A security blanket or a comforting plush: Why?
The need for comfort is part of the human being and some objects remind us to calm down. They secure us in some way. Toddlers need to feel close to us. They develop their sense of attachment, secure themselves with the help of a parent and develop the confidence to face the world.
And one day, they have to deal with the unknown, whether at daycare, at school or even just while you are in another room. A parent can’t always be there to comfort them, but something that reminds them of this security and, in scientific terms is a "transitional object", that connects a new situation to the comfort of the home. This object can take the form of a blanket, a soft toy or a soft doll.
It was in the 1950s that pediatrician and psychoanalyst Donald Winnicott proposed that these objects were a sign of the development of attachment. Rather than being an object to turn to instead of love and care, they were indeed, a reminder of love and parental safety. Subsequent research continued to support Winnicott's theory. One study found that children with strong ties to transitional objects have a stronger attachment to a parent and are happier than those who do not.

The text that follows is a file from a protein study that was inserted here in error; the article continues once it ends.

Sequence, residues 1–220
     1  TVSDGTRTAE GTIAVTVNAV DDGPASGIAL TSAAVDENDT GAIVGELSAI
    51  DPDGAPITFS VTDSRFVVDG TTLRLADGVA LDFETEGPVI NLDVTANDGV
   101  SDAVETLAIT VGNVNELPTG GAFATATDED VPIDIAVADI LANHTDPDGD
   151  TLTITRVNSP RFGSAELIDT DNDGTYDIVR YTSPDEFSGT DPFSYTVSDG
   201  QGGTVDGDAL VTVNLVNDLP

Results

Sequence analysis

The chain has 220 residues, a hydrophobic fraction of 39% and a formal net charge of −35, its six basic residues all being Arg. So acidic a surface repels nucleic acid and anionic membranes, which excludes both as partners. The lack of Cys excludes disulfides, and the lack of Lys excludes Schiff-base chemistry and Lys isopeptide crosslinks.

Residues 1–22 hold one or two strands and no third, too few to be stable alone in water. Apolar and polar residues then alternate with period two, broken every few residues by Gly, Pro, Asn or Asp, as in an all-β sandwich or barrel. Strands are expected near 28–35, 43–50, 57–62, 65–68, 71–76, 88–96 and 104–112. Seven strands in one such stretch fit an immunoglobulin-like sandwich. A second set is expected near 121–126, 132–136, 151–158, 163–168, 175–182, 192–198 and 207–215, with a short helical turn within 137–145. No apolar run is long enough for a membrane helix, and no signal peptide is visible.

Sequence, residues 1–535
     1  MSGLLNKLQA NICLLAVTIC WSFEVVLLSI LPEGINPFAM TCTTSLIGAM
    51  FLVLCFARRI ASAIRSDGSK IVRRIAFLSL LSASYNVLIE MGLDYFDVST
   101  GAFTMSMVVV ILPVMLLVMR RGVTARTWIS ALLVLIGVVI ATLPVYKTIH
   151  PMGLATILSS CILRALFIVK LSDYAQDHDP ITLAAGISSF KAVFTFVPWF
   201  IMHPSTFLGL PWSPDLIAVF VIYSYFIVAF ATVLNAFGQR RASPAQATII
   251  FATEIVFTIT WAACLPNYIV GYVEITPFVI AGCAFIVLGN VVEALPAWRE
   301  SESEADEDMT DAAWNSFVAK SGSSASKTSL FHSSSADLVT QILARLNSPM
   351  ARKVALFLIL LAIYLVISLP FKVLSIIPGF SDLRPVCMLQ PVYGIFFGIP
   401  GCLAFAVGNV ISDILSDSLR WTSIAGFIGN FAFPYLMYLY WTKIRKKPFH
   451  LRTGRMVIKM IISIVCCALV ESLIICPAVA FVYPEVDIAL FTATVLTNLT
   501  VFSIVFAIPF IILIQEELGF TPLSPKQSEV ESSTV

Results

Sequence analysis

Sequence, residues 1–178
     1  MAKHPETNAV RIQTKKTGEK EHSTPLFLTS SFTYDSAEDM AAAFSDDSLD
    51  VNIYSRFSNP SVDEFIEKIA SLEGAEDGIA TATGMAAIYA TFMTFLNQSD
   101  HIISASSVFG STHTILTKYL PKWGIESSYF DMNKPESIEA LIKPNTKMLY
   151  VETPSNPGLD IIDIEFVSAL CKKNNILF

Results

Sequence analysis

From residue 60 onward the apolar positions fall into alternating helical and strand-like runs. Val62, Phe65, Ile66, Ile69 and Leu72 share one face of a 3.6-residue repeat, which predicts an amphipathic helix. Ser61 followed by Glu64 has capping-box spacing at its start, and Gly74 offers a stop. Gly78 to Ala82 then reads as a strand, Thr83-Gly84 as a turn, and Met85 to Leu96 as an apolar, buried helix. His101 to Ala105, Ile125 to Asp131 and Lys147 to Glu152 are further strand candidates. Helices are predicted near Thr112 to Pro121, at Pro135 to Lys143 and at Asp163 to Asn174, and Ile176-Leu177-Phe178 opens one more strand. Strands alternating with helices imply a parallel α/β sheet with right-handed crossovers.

As the blanket will follow your toddler everywhere, make sure it is easy to wash. And maybe, think of having a replacement.